ARLINGTON, Texas — Baker Mayfield is going to the Cleveland Browns not as the long-overdue savior of a moribund football franchise, but as a student.
That’s what Browns general manager John Dorsey and head coach Hue Jackson expect of their new No. 1 draft pick. Mayfield operated offenses at two different schools in college and mastered one so well he took home the Heisman Trophy.
But in Cleveland, even the ultra-confident Mayfield is merely a rookie.
“I’ve always thought for a young man’s development, in Baker’s case, why not have a chance to sit back and see how the game of professional football is played?” Dorsey said Thursday night at the team’s headquarters in Berea, Ohio. “It’s a very complicated game. So why not learn from some of those veterans in that room, understand the complexities of the defense, watch the game slow down, give him a chance to actually see what this game of football’s actually about? Because it’s hard to make that transition, step right in there and do that.
“So to give him the best chance of success … give him some time to grow in this thing.”
The Browns acquired seven-year veteran Tyrod Taylor from Buffalo during the offseason, and their backup is 10-year journeyman Drew Stanton.
Mayfield was the best college player in the nation at Oklahoma, but he has a lot to learn about the NFL.
“I think we all know heading into this that Tyrod Taylor’s gonna be our starting quarterback, first and foremost,” Jackson said. “So let’s make sure we understand that. And it’s understood by Baker that he needs to come in here and learn the National Football League game. He’s gonna come in here and learn from Tyrod and learn from Drew and I think that’s really important. But know we will … do everything to put him in the best position — when he plays — to have success.”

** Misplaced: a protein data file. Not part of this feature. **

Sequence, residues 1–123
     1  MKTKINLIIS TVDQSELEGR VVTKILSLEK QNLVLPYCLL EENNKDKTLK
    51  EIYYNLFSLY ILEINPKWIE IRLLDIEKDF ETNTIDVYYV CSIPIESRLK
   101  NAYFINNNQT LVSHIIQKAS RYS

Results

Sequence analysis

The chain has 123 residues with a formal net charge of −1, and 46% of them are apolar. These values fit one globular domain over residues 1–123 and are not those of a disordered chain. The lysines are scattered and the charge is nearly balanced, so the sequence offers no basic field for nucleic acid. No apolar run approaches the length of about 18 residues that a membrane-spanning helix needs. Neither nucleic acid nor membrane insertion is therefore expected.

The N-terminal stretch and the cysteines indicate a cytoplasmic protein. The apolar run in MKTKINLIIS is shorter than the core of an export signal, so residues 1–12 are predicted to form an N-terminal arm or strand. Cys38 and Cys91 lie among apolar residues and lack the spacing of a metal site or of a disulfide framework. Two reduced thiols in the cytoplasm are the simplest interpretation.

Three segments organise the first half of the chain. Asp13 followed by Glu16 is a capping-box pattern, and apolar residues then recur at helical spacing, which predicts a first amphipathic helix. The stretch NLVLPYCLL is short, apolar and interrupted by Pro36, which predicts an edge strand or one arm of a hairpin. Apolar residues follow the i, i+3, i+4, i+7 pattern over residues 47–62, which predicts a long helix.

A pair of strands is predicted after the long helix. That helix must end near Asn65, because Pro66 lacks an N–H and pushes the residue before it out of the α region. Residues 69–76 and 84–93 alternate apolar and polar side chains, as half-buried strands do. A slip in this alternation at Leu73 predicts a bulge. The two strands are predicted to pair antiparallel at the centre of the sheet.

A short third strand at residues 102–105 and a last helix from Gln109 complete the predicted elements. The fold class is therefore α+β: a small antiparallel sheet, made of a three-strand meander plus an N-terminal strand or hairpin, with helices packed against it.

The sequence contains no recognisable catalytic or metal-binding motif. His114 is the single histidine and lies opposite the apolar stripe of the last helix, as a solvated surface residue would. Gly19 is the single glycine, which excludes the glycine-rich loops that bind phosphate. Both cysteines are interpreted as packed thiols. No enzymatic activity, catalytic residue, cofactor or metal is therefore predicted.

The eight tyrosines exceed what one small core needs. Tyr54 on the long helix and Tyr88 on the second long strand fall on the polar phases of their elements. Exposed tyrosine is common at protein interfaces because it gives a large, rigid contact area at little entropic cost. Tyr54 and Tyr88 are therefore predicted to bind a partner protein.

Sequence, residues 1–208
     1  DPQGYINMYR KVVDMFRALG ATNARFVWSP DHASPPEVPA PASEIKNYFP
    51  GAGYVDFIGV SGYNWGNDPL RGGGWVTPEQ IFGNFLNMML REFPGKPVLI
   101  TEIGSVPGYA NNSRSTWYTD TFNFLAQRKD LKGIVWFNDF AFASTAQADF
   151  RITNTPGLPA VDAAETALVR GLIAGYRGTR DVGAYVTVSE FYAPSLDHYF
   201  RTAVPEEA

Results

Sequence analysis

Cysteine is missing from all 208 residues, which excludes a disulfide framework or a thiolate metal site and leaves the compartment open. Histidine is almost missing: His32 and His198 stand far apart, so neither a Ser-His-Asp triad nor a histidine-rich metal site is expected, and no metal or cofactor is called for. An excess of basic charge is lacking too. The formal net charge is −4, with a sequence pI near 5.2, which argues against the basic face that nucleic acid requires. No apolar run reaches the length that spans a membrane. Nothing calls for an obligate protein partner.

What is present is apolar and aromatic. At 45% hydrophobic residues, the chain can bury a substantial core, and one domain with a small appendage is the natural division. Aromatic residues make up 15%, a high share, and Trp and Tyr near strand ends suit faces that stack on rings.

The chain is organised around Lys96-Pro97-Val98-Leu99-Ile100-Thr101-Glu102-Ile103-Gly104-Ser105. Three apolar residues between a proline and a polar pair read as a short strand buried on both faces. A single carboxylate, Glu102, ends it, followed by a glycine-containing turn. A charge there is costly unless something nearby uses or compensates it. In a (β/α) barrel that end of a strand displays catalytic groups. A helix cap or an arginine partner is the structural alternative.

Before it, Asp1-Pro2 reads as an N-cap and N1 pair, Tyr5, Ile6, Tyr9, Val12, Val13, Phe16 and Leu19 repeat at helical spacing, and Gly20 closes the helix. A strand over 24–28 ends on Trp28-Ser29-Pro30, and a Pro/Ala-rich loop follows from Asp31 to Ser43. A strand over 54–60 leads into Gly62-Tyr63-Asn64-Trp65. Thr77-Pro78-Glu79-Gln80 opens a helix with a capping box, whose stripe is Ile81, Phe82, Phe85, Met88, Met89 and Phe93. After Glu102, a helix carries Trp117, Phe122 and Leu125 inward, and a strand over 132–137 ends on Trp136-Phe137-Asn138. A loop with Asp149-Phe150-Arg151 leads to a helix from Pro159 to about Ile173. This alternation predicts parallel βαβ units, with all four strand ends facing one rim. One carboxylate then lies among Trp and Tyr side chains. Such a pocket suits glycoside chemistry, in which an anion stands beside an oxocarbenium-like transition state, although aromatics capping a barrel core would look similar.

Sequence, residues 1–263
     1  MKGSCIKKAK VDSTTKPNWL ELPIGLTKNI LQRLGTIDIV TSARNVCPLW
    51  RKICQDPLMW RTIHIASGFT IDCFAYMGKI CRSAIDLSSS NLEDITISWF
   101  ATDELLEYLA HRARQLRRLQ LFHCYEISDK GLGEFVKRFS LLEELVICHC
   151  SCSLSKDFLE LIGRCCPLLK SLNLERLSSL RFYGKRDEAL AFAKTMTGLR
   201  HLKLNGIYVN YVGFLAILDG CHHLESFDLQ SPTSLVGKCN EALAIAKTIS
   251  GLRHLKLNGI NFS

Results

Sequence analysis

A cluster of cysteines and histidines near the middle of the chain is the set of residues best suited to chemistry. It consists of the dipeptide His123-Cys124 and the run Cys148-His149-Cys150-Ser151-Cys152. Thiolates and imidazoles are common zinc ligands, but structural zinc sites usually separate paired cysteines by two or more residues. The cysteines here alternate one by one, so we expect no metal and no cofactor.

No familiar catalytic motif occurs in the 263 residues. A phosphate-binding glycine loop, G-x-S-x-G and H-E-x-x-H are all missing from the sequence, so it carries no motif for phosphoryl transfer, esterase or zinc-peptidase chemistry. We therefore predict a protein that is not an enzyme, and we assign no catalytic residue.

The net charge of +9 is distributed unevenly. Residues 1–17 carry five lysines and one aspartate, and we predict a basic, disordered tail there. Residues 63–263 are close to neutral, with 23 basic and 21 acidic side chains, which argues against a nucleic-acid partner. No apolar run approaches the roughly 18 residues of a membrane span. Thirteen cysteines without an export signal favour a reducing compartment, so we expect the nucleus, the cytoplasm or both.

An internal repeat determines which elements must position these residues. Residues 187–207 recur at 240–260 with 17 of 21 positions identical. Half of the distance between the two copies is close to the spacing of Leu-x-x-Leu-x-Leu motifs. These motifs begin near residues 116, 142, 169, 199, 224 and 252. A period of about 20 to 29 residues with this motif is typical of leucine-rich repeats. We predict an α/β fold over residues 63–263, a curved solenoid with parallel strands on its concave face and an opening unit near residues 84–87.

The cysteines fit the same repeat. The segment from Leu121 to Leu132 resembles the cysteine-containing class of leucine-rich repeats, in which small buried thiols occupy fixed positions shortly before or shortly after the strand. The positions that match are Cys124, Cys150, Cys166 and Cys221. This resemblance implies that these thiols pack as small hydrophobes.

Cleveland needs immediate help, all over the field. In 2016, the Browns were 1-15. Last year, they became just the second NFL franchise to go 0-16. That’s the worst two-year stretch in NFL history. Mayfield may get plenty of on-the-job training, and of course he wants it all and he wants it now. But learning the NFL can be like drinking from a firehose. If Mayfield is patient (along with the Ohio media and all those fans in the Dawg Pound), success will come to him.
And OU fans can take all of Cleveland’s comments about their favorite QB at face value, but both Jackson and Dorsey talked about being patient with Mayfield, too, rather than rushing him into action.
“He gets it,” Jackson said. “He wants to compete. And we would never stop a player from competing. But … let’s be honest in this room. We’ve been through playing young quarterbacks here in Cleveland the last two years, and putting ‘em in some tough situations. So I think it’s really important that he understands when he’s ready to play, he’ll play.
“But it’s tough for a guy, playing this division, in the National Football League, in our system. … We have a veteran player in Tyrod Taylor and another veteran in Drew Stanton, so this young man can come in and learn the game and not feel like he has to walk out there and be everything right away, that he can learn to play in the National Football League — before he plays.”
Dorsey said Mayfield was crying real tears when he called the quarterback at his home in Austin, Texas (Mayfield skipped the formal draft festivities at AT&T Stadium, choosing instead to be with family), and said the club made a “unanimous” determination in meetings Monday and Tuesday that Mayfield would be their choice at No. 1.
Mayfield, who has already signed various endorsement deals with Nike, Bose and other properties, can expect to command a four- or five-year contract in excess of $30 million, of which more than $20 million will be guaranteed, per last year’s first-round salary slot, per Forbes Magazine.
Beyond just money and draft investment, though, Dorsey expressed a desire to make a lasting, long-term commitment to Mayfield.
“To make this guy the best, long term — and that’s what he’s thinking about — you have to teach him, and he understands, to go and play long term in the National Football League, understand the game of football first,” Dorsey said.
“I’ve always said, in college, you’re gonna play the game. In the pros, you learn the game of football.”
Columnist John E. Hoover is co-host of “Further Review with Hoover & Rew” and can be heard every weekday on The Franchise in Tulsa from noon to 3 p.m. with co-host Lauren Rew. In Oklahoma City, catch him Tuesday, Wednesday and Thursday mornings at 10:25 and every Friday afternoon at 4:05. Listen at fm107.7 in OKC, fm107.9/am1270 in Tulsa, on The Franchise app, or click the “Listen” tab on The Franchise home page. Visit his personal page at johnehoover.com.